Winnipeg’s Filipino community searches for heaviest, longest gourd at 2nd annual Upo Festival

Winnipeg’s second annuual Upo Festival continues to grow as the Filipino community celebrated its local vegetables on Sunday.

Much like Canada’s largest pumpkin festivals, Upo Festival holds a competition to see who can grow the longest upo and the heaviest upo. 

“If rural Manitoba has [the] pumpkin festival, we Filipino-Manitobans have the Upo Festival,” event organizer Leila Castro said.

Upo is a vegetable known in English as the bottle gourd, which is known for its elongated bottle-like shape. It’s a vegetable used often in Filipino cuisine. 

Brix Delcarmen, who won last year’s longest upo competition, said it was like an “ethnic version of a zucchini.”

Last year, he squashed the competition with an almost two-metre long upo. This year, he broke his own record: his upo reached over two metres.

“It took me two months to grow,” Delcarmen said. 

“I wasn’t very competitive, but now since there’s a new event like this, I stepped up my game.” 

Volunteers carefully measure and weigh upos that were entered in this year’s competition held at the Maples multiplex arena. (Travis Golby/CBC)

Delcarmen calls gardening his hobby. His love for animals — specifically rabbits — also plays a hand. He uses the manure from his rabbits to help grow his garden.

“It’s all natural manure, and then you just have to take care of [the upo],” Delcarmen said. 

He checks on it almost daily. “It’s like it’s my baby.” 

After the festival, held at Maples multiplex arena, is over, Delcarmen plans to dry his upo so he can collect seeds for next year.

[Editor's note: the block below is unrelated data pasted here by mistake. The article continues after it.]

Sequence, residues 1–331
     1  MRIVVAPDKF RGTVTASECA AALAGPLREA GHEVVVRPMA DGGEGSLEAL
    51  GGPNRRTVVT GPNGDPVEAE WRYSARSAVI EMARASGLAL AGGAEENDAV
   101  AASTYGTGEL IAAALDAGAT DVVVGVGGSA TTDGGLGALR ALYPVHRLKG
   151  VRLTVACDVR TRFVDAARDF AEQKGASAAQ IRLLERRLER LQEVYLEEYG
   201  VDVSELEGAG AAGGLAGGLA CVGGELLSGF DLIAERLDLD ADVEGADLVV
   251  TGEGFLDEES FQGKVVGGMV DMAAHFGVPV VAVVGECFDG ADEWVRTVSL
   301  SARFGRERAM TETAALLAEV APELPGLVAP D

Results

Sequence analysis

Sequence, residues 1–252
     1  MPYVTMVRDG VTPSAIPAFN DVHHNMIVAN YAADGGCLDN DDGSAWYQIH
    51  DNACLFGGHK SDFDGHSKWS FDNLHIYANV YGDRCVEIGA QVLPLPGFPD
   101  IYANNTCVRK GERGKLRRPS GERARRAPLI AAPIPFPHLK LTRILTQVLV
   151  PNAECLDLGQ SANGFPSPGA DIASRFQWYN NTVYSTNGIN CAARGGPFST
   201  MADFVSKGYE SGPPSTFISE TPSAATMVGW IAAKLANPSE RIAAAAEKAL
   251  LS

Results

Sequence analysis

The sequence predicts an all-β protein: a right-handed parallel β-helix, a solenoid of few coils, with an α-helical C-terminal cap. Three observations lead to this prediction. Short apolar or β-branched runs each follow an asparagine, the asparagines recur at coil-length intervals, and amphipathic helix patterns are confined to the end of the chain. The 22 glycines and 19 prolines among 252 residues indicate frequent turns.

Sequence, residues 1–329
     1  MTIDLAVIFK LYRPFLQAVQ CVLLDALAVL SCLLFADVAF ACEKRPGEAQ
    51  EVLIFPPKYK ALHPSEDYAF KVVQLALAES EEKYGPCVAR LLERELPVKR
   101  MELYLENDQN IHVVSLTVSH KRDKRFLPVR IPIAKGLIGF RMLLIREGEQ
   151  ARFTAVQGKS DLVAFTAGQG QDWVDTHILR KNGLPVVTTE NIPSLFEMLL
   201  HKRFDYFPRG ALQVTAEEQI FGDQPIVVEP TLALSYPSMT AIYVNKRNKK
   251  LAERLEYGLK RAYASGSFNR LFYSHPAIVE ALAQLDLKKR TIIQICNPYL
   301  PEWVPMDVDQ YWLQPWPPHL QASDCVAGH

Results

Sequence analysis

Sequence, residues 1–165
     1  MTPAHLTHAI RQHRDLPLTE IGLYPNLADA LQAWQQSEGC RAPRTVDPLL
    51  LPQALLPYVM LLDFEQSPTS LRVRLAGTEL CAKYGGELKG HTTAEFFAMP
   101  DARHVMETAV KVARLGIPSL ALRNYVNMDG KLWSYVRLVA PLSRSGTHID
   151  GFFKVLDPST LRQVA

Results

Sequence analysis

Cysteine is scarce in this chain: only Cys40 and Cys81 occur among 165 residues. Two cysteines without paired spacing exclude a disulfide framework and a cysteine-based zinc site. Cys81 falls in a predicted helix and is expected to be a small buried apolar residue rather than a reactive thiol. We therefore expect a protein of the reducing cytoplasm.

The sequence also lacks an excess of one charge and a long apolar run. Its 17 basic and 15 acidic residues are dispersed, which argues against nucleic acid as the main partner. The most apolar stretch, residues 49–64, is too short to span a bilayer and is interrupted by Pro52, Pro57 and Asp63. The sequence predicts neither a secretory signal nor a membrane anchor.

Leila Castro is one of the administrators of the 204 Filipino Forum group, and the organizer of Upo Festival. (Joanne Roberts/CBC)

Castro, who runs different Facebook groups for the Filipino community, says it was important for them to bring the Upo Festival to Winnipeg.

“When we go to the other side of the world [from the Philippines], we become not just Filipinos… but Filipino Manitobans. But the Filipino [part of us] is still there,” Castro said.

She said the community wanted to make sure their cultures and traditions weren’t lost on children growing up in Canada. 

“We want the kids to grow up to eat what’s healthy [and] to still be in touch with their ethnic roots.” 

Castro hopes after the event, more people are inspired to start their own gardens. 

“There’s so much interest [in gardening] because it’s healthy,” she said.

“Physically, it’s healthy. Financially, when you get your your produce from your backyard. It’s [also] healthy mentally. So we encourage people to to have a a backyard vegetable garden.” 

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